Wednesday, August 24, 2016

Batting Tee Repair

With my new to me batting cage construction complete, it became time to repair the broken batting tee.
If you have one, you know it can be prone to snapping where the tube meets the plate. The construction of this tee is a rubber home plate encasing a metal plate and nut that attaches to an open ended steel tube encased in rubber. The cheaper tees are plastic and just won't stand up to heavy abuse like a rubber tee.

With this one, the rubber had split around the metal plate. Rubber was the only thing holding the tee together by design, and over time it failed. Of course it would. Rubber tears. Steel doesn't, so I'm adding a steel plate for reinforcing.
The rubber failed over time. It no longer held the metal plate that anchors the tube in place.
  • Adjustable wrench
  • WD-40
  • Vice 
  • 5/8" drill bit, dependent on size of nut in the tee
  • 3/8" drill bits, dependent on size of bolts/nuts bought

  • 16 gauge steel plate, between 8"x8" and 10"x10"
  • (4) 3/8" 1.5" long bolts and nuts
  • (8) 3/8" fender washers
  • (1) 5/8" fender washers
Most likely your tube has separated from the plate. Spray the nut with WD-40. Also spray it inside the tube. My tube had a couple inches of gunk inside the steel tube. Spray it and try to get it out.
Apply WD-40 to the bolt, outside and inside the tube.
The tee is a steel tube encased in rubber. I clamped it into a vice, and kept tightening the vice until the adjustable wrench was able to turn the nut instead of the tee spinning in the vice.

Clean up the nut and confirm the size is 5/8". I tossed the small round disc. It was rusty and warped.
Tighten the vice until you can loose the bolt with a wrench.
Take the piece of 16 gauge steel and mark the center. You want the piece of steel to be smaller than home plate, but any size is fine as long as it doesn't protrude from the edges of the plate. We will bolt the steel to the bottom of the plate. I put each corner of the steel into the vice and bent it slightly. I don't want the corners snagging anything, so it will be mounted so that each corner digs into the rubber plate slightly.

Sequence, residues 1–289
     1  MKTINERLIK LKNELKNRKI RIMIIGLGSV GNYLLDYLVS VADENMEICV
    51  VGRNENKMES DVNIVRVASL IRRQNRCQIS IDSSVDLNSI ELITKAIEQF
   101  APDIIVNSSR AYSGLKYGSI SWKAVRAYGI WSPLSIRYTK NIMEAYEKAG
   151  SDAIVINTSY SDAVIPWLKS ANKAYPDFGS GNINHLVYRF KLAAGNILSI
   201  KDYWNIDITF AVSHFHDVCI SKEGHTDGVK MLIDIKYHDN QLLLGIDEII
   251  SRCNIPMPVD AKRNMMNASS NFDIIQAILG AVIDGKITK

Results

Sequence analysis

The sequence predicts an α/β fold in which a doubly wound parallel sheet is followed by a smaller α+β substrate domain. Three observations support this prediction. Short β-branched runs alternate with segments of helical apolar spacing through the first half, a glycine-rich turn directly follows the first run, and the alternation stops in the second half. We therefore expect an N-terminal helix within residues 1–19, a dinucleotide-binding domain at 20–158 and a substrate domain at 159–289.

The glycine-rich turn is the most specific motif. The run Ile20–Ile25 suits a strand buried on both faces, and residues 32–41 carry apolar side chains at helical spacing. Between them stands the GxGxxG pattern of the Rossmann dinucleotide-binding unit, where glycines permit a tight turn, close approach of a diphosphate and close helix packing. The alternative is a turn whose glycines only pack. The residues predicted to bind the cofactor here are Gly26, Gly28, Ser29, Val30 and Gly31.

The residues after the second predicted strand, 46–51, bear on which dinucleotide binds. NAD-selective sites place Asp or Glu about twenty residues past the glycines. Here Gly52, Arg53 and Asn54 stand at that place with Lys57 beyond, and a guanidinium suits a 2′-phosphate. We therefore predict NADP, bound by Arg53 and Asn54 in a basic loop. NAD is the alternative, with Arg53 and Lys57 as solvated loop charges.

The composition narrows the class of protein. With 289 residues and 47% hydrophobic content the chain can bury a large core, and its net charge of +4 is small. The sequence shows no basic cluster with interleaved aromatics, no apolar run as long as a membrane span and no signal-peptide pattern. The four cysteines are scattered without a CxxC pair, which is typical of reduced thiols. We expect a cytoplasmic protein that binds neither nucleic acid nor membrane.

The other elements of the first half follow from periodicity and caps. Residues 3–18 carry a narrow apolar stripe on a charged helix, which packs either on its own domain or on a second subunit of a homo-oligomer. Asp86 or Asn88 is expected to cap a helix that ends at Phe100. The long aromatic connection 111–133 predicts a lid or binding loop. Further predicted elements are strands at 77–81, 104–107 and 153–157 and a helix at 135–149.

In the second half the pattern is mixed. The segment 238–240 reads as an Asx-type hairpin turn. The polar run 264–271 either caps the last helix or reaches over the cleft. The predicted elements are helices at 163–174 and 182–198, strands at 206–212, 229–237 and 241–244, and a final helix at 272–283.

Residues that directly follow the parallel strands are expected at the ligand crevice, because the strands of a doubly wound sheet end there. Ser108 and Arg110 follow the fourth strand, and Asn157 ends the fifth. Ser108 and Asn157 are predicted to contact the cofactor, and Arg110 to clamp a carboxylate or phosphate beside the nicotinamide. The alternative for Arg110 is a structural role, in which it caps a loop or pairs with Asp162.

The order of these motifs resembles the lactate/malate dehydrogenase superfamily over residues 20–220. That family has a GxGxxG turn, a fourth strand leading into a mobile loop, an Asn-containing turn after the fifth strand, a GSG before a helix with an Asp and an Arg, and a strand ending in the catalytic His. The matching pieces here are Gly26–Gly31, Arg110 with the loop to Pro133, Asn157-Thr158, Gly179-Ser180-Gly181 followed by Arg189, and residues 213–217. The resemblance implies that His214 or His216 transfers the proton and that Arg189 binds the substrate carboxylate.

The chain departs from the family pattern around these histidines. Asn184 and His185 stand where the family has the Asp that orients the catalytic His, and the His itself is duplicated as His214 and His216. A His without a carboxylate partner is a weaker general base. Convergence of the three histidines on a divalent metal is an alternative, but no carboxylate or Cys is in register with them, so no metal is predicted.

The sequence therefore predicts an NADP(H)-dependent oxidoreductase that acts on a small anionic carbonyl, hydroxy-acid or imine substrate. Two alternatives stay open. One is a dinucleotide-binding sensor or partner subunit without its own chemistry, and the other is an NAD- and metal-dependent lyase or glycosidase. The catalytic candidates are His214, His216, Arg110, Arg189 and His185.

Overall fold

16 gauge steel will reinforce the tee, with 3/8" bolts and fender washers attaching
the steel to the rubber plate.

Drill a 3/8" hole in each corner of the steel. You could use smaller bolts, but I had these on hand. Put the steel on the rubber plate, and then drill through the rubber using the steel as a template.
The fender washers will be placed on the top and bottom side to protect against the bolts pulling through the steel and rubber. The washer widens the contact area.
Bolt the tee to the steel using a fender washer.
The steel is placed diagonally because the force on the tee is front to back. This configuration, puts the force in line with bolted connections. Maybe I'm overthinking this, but it sounds good. I had the nuts on the top of the plate, just to avoid getting crud in the threads and to keep the plate closer to the ground.
All fixed.
The tee will last longer if you keep it indoors when not in use. The sun breaks down rubber. I tested this, and the tee remained intact. The metal didn't seem to have bent, flexed, or distorted.
It looks like this repair is successful. PLAY BALL!
Blogger Widget